Every CNC machine operator will have to deal with chatter from time to time. Milling, turning or drilling can all expose a part to this torment.
Sometimes it’s obvious what is causing the chatter. A slipping tool or inadequate work holding shouldn’t be too hard to spot. But what about if you are not sure what is causing it? Often machinists will go straight to reducing the spindle speed and feed rate. While this can reduce the problem it is not always the best solution. You might end up extending the machining time of the part when there was another way to solve it.
Read on to discover the different types, causes, and remedies for CNC machine chatter.
What is CNC machine chatter?
“Chatter” describes the unwanted vibrations experienced when machining a part. The vibrations are the tool and the workpiece moving periodically relative to each other.
These vibrations can be non-resonant, such as when using an unevenly worn tool. Non-resonant vibrations will typically be constant throughout the machining cycle and will often have a readily diagnosable mechanical cause.
Chatter caused by resonant vibrations is found when you’ve hit the right combination of tooling, work holding, machining strategy and machine set-up to produce a vibration at or close to your machine's natural frequency. This type of chatter may only be found at certain points in the tool path, such as in pocket corners.
Why is chatter a problem?
Chatter during a machining operation results in a sub-par surface finish and reduced tool life. Chatter marks will be visible in the machined surface, often showing as wave-like patterns or regular marks. Sustained chatter can cause uneven tool wear and even tool breakage.
CNC machine chatter is also often audible. An experienced machinist will be able to identify when chatter is a problem by its distinctive sound.
What contributes to CNC machine chatter and how to fix it?
Making certain adjustments to your CNC machine set-up can eliminate or reduce the causes of chatter. Start by taking actions that increase the rigidity of the system before playing with the feeds and speeds. A little bit of trial and error is typical in handling these kinds of problems. The best chatter reduction strategy may vary based on the particular machine, work holder, tooling, part, or machining strategy that you are using!
A long thin tool will vibrate (and deflect) more readily than a short fat one. So choose a tool with the largest suitable diameter. Try to reduce the amount of the tool protruding from the tool holder and ensure it is held tightly with good run-out accuracy. Hydraulic expansion tool holders can be useful here. They generally have good run-out accuracy and the hydraulic action helps to dampen vibrations.
The right amount of tool pressure or chip load, consistently applied, is also important. Too little, too much, and too much variation can all result in chatter. On a CNC milling machine, too many flutes engaged in the cut can cause chatter. Fewer flutes and variable pitch end mills can be used to help to reduce resonant vibrations caused by chip load.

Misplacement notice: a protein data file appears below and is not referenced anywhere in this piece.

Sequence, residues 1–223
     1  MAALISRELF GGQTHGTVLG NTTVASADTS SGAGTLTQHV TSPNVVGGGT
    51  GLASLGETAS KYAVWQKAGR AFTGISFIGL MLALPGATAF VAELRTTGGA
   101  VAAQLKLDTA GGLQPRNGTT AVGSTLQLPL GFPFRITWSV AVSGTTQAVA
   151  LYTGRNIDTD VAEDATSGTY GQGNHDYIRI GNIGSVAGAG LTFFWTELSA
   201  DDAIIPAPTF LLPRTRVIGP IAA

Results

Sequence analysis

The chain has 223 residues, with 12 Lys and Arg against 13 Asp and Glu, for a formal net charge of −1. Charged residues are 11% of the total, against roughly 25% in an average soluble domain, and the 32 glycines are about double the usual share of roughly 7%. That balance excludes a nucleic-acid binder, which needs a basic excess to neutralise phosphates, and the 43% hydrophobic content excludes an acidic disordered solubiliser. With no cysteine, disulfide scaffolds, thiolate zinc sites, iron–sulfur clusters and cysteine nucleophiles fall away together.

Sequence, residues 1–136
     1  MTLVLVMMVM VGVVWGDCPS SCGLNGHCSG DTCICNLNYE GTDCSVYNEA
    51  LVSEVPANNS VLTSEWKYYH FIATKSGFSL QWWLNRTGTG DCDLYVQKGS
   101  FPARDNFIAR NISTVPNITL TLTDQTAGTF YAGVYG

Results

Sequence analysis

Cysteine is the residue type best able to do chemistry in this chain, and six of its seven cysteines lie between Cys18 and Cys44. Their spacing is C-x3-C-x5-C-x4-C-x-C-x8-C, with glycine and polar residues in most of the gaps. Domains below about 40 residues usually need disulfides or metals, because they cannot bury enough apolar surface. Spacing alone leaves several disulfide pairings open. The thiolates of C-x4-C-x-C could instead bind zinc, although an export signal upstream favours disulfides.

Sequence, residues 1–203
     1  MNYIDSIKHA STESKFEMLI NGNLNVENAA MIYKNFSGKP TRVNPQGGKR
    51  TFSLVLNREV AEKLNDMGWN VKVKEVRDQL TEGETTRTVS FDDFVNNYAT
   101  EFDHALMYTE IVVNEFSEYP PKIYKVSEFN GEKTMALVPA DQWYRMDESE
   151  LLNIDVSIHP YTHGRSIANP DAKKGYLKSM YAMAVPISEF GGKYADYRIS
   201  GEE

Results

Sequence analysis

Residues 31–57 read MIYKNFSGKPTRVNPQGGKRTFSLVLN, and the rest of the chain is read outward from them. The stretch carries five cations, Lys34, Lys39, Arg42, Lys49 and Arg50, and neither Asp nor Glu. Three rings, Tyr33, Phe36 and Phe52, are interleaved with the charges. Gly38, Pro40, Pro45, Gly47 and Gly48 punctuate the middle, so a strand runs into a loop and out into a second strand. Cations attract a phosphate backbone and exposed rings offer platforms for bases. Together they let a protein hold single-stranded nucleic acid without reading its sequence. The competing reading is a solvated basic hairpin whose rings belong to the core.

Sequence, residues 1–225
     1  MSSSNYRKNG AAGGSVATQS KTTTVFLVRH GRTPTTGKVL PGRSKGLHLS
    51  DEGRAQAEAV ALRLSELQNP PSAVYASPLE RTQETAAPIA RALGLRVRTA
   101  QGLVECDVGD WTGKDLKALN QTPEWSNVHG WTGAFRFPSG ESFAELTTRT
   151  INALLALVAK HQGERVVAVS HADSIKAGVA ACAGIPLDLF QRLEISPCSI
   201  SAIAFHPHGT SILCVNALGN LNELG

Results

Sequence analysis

Is there any chance that your part is moving or vibrating?
Check that sufficient pressure is being applied to the workpiece by the chuck, vice, vacuum table or other work holding device. Try to apply clamping pressure to the part as evenly as possible using the right size work holder for the job.
Avoid clamping just one end of a long thin piece of stock material (think about what happens when you twang a ruler on the edge of a table). If this is a likely problem consider using a larger work holding device or additional clamps on a mill. On a lathe consider using a tailstock or a steady rest.
Dampening part vibrations can be particularly challenging when working with thin-walled parts. One way of addressing this type of chatter challenge is to use a filling material like wax or plastic to increase part rigidity.
With conventional toolpaths on a CNC milling machine, the degree of cutter engagement varies. This can result in too much force being applied to the cutter at certain points in the toolpath, resulting in chatter. Using a constant engagement toolpath or reducing the depth of cut can help to alleviate this.
The final thing to look to change is the spindle speed. If you believe that you have a problem with resonant vibrations try increasing and decreasing the spindle speed by just 5% at a time. Your set-up is likely to have many resonant frequencies and if you just halve the speed, you are very likely to find another one! Some CAM software packages have a feature that continuously varies the spindle speed.
CNC machines should be sited on a solid concrete floor, free from jointing, cracks, or any other discontinuities. Loose, soft, elastic or broken flooring can exacerbate CNC machine chatter. Well installed anchoring or correctly adjusted feet are also basic requirements for reducing chatter.
CNC machine rigidity is the next most important issue. For the most part, this is set by design but no CNC machine can be 100% rigid. So if you are pushing the limits of what your set-up can achieve your machine may not be built well enough to dampen any resultant chatter.
Inadequate maintenance or repairs can lead to chatter and not achieving the stated machine accuracy. So if the chatter is a new issue this may be something to consider.
In summary here are some tips for avoiding CNC machine chatter:
- Ensure that every part of your CNC machining set-up is as rigid as possible
- Vary feed rates and spindle speeds by small amounts to find stable operating points
- Mitigate vibration by choosing specifically designed tools, tool holders and machining strategies